Submitted by PennKnoxCitizen (not verified) on February 14, 2014 3:08 pm
Unfortunately, the hired consultants who advise the SDP how to create savings, recommend the cutting of positions like nurses, librarians and school counselors. The crazy thing is these consultants' children attend schools with nurses, librarians and school counselors. Makes you wonder.....
Submitted by Eileen Duffey (not verified) on February 14, 2014 4:46 pm
Thanks Adam, Stewart's comment above shows the double bind educators are in as they create piecemeal solutions to the resource starved schools. With all they have done at Stewart's school the library space offers only a fraction of what a library staffed by a certified librarian would offer. You mention that "this vital complement to schooling seems destined to whither away as it is almost untestable and resistant to quantification". Much of what we school nurses do is difficult to quantify (although much IS quantified-and that hasn't altered funding anyway). We nurses have been telling our story nonetheless and have furthered the understanding of the importance of certified school nurses across the nation. So I suggest librarians and all who love school libraries keep fighting for this indispensable position. As our friend on this blog Joe K would say, "The corporate elites know all this, they just don't care." And anyone who has been on this blog before will know what Joe K would say next.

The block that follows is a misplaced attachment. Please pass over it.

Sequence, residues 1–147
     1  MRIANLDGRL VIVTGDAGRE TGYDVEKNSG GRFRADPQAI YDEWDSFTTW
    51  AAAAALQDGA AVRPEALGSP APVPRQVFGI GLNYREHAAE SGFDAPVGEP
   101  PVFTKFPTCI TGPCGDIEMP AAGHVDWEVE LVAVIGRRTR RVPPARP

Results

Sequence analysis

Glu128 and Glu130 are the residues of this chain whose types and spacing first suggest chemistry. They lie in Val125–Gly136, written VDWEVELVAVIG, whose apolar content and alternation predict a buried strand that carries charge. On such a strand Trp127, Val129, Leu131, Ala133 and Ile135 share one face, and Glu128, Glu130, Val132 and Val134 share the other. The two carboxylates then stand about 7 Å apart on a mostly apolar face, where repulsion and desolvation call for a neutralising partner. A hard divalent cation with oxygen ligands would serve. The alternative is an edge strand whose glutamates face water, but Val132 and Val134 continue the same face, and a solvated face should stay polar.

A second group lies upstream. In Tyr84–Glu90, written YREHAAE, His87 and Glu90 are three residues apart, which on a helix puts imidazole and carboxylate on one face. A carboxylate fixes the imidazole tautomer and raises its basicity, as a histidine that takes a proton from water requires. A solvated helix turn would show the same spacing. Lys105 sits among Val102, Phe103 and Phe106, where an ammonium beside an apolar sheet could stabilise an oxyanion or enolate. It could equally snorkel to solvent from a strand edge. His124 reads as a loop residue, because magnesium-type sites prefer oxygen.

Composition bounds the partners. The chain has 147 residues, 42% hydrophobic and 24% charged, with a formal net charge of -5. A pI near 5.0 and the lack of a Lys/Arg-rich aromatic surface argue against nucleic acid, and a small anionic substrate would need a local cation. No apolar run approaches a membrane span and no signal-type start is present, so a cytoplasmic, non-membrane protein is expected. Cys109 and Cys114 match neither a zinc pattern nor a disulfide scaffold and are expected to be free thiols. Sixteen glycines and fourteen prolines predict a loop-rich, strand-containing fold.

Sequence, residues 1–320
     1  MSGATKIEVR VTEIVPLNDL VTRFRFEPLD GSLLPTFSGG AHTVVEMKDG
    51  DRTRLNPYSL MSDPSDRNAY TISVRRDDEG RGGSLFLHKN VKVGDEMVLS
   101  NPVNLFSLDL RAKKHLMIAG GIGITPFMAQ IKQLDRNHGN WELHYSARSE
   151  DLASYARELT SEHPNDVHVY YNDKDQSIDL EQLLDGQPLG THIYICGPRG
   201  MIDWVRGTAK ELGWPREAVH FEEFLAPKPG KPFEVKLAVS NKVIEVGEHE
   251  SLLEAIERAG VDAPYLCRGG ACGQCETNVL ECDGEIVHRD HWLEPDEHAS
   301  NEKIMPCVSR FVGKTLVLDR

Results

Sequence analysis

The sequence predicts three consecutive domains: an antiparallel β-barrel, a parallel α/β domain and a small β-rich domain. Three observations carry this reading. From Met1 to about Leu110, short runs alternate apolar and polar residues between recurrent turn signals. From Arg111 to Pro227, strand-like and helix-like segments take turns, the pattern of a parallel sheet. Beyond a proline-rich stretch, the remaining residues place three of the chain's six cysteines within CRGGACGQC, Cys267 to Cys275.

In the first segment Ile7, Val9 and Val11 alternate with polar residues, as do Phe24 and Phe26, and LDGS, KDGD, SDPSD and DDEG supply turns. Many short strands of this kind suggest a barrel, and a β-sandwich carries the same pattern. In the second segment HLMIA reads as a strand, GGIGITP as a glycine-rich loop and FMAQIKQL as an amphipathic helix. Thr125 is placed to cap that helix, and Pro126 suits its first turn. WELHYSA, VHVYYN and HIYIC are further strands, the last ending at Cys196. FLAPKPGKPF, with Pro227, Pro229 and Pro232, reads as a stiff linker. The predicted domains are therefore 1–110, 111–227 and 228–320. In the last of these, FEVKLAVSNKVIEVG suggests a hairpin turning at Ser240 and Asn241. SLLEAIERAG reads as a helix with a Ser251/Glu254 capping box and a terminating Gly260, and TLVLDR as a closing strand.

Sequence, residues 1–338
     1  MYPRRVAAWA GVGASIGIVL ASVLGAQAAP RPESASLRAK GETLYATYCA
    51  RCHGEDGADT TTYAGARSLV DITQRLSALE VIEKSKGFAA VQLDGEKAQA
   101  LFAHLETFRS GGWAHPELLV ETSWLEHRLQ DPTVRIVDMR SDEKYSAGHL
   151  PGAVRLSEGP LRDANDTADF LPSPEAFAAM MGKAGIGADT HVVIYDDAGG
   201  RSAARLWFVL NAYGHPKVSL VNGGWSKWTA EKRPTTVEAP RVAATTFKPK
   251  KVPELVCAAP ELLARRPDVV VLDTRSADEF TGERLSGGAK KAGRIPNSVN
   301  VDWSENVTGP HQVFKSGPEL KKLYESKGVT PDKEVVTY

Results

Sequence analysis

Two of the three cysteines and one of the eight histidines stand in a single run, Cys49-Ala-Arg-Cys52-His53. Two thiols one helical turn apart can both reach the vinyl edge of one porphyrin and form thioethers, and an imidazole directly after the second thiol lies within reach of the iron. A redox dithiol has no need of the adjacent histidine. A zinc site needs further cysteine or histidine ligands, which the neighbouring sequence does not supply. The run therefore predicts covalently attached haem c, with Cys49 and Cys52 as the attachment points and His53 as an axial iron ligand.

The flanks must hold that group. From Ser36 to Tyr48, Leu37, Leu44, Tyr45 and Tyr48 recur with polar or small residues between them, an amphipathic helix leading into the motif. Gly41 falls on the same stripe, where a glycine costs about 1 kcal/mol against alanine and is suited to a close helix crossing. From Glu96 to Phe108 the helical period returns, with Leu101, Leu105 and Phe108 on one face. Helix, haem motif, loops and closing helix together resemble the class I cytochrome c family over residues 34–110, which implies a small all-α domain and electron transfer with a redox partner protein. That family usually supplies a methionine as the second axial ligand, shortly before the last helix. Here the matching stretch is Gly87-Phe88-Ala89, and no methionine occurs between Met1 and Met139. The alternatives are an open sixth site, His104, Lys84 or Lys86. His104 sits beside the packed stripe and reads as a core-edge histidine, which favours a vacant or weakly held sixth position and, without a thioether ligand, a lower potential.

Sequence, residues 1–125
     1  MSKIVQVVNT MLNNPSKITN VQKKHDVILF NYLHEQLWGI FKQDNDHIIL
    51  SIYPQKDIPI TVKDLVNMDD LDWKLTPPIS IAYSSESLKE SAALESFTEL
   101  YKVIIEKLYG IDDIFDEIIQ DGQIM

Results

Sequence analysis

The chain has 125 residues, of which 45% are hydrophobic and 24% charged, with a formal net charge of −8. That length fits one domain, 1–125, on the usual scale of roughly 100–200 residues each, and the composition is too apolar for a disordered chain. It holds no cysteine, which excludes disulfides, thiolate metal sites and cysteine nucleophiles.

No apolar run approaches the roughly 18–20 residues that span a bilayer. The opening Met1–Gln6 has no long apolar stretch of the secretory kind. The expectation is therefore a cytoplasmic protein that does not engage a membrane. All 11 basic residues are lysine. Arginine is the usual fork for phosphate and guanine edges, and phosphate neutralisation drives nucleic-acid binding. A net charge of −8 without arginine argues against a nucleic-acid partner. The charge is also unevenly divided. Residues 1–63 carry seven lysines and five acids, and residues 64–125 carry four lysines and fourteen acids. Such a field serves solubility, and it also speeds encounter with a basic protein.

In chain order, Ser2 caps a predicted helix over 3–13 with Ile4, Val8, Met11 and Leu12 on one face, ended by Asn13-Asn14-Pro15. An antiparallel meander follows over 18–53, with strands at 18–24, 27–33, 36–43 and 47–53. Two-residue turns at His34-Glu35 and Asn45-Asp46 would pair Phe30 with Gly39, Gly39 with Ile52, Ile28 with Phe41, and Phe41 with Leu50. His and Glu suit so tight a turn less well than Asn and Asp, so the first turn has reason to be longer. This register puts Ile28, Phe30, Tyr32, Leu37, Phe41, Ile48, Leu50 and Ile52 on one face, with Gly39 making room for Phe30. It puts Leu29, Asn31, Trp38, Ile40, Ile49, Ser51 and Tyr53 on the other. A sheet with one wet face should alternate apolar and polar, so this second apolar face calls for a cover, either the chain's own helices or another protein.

Submitted by Joe K. (not verified) on February 14, 2014 4:05 pm
What would Joe K. say next??? Actually, he would likely say, "And when you don't care, you have nothing to lose." Actually, Custer dismissed the value of Indian life by saying that before he ordered an attack on an unarmed Indian Village about 2 weeks prior to The Little Big Horn. His famous Indian Scout, Mitch Boyer, told Custer not to attack a bunch of children, women and old people and for once, Custer listened. You are right, of course. They simply don't care. Their goal is business as in making money. It's not personal. It's money. And don't call me your friend !!!!!!!!!!!!
Submitted by Joe K. (not verified) on February 14, 2014 5:31 pm
Only kidding, Eileen. I can't afford to lose any friends since I have only 2 or 3 at the most and I'm not real sure about 2 or 3 of them either.
Submitted by Stewart (not verified) on February 14, 2014 6:58 pm